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fig5: JNK is activated locally by sciatic nerve injury. (A) Sciatic nerve ligation was performed as in Fig. 3. Mice were killed 3, 6, or 8 h after surgery. DRGs on the ligated and contralateral unligated sides were dissected and analyzed by SDS-PAGE. Levels of P-JNK (closed squares), JNK1 (open circles), and JNK3 (open triangles) were normalized to tubulin, and the ratios between ligated and unligated were measured. Results represent mean ± SEM (n = 4). (B) Sciatic nerves were ligated unilaterally at the midpoint and stained for P-JNK. White arrows show ligation site. (C) Whole ligated nerve (lig), sham operated nerve (sham), and contralateral unligated (ul) nerve were dissected and homogenized, and extracts were analyzed by SDS-PAGE and Western blot (Western blot is representative of seven independent experiments; only the 6-h time point is shown). (D) Quantification of the relative ratio P-JNK/JNK3 between ligated and unligated nerves is shown ± SEM (n = 7). The P-JNK/JNK3 ratio in unligated nerve was normalized to 1. The level of P-JNK increased threefold in the ligated nerves after 1, 3, and 6 h. (E) Sciatic nerve cross sections ∼200 μm proximal or distal of the ligation site were stained for P-JNK and S100. Arrows, P-JNK staining in axon; arrowheads, P-JNK staining in Schwann cells. (F) Ligated and unligated nerves were subjected to high speed centrifugation. Soluble (S) and membrane-bound fractions (P) were analyzed by Western blot. The ratio P-JNK/JNK3 was determined as in B and shown as mean ± SEM (n = 4). Bars: (B) 100 μm; (E) 20 μm.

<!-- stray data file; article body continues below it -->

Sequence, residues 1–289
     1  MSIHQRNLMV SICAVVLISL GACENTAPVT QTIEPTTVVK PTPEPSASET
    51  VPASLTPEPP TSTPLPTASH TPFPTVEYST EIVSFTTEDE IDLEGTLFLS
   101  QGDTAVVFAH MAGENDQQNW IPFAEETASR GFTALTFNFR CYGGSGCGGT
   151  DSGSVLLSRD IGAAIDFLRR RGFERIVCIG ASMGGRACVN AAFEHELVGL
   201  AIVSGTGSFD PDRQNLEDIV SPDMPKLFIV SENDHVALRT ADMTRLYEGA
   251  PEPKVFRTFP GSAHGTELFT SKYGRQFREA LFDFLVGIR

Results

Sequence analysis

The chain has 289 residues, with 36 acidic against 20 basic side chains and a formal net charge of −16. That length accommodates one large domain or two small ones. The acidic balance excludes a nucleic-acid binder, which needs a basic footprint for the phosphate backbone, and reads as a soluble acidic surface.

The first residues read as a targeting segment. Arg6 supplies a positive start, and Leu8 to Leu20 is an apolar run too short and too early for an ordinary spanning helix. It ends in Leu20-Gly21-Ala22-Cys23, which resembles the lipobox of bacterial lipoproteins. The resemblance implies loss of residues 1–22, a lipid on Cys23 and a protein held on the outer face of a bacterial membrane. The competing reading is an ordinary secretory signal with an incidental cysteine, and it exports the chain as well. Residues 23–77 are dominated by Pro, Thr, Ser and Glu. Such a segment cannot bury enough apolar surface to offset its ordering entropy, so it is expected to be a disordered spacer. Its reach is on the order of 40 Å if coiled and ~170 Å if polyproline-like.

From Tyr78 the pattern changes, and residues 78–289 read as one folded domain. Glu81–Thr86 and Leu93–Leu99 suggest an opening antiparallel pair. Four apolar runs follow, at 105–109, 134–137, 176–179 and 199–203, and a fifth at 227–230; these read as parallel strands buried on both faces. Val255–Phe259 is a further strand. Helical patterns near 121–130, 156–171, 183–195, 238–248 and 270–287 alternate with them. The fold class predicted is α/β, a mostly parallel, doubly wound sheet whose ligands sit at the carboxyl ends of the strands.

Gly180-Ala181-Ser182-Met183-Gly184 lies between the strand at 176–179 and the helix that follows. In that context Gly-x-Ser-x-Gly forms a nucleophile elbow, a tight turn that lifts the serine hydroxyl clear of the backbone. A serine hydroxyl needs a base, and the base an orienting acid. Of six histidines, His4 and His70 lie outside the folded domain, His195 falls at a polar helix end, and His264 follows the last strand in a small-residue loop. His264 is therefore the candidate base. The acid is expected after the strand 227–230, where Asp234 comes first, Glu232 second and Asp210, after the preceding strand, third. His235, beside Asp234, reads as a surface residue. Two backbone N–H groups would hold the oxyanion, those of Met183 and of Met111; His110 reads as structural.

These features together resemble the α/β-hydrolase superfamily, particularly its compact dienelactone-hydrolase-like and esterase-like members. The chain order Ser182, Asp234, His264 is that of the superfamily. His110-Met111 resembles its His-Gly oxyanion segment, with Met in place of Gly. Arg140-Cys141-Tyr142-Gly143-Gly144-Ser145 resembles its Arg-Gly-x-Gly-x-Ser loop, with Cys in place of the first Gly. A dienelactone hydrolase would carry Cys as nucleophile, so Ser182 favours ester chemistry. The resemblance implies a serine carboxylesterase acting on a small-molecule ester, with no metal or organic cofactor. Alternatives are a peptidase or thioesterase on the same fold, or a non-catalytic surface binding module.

Mentions: Previously, peripheral nerve transection in rat was shown to induce JNK activation in neuronal cell bodies (Kenney and Kocsis, 1998). To confirm that mouse sciatic nerve injury provoked by ligation also induces activation of JNK in neuronal cell bodies, we dissected and analyzed extracts of dorsal root ganglia (DRGs), which are enriched for sensory neuron cell bodies, 3, 6, and 8 h after sciatic nerve ligation. We observed an ∼1.6-fold increase in the level of P-JNK on the ligated side compared with the contralateral unligated side at the 6 and 8 h time points, whereas no increase was detected at the 3-h time point. The levels of JNK1 and JNK3 were unchanged (Fig. 5 A). Similarly to syd and JNK3, P-JNK accumulates on both proximal and distal sides of the ligature, whereas only very faint staining was observed in the unligated nerve (Fig. 5 B). To assess directly whether or not the amount of activated JNK also increased locally upon nerve injury, sciatic nerves were ligated for 6 h, and the amount of P-JNK and JNK3 detected in ligated versus unligated nerves were compared biochemically (Fig. 5 C). Although the amount of P-JNK is increased in the ligated nerve, the levels of JNK1 and JNK3 remain constant (tubulin is used as a loading control). Sham surgery controls indicate that the increase in P-JNK is due to axonal injury induced by ligation rather than the surgery procedure. We measured the ratio between P-JNK and JNK3 at 1, 3, and 6 h after ligation (normalized to 1 in the unligated nerve). We observed a threefold increase after 1 h of ligation (Fig. 5 D), with no further significant increase after 3 or 6 h. It is striking that the increase in P-JNK does not appear in the DRGs until the 6-h time point, whereas we observed an increase in P-JNK levels locally in the sciatic nerve after 1 h of ligation. This delay suggests that a retrogradely transported signal is mediating JNK activation in the cell bodies and might depend on local JNK activation. With an estimated retrograde transport velocity of ∼2 μm/s, a molecule traveling from the injury site would require ∼4 h to reach the DRGs, located ∼3 cm away. Our results are in agreement with previous observations (Kenney and Kocsis, 1998), where the delay observed between axotomy and JNK activation in the DRGs corresponds to a signal transmission velocity in the 2 to 5-μm/s range.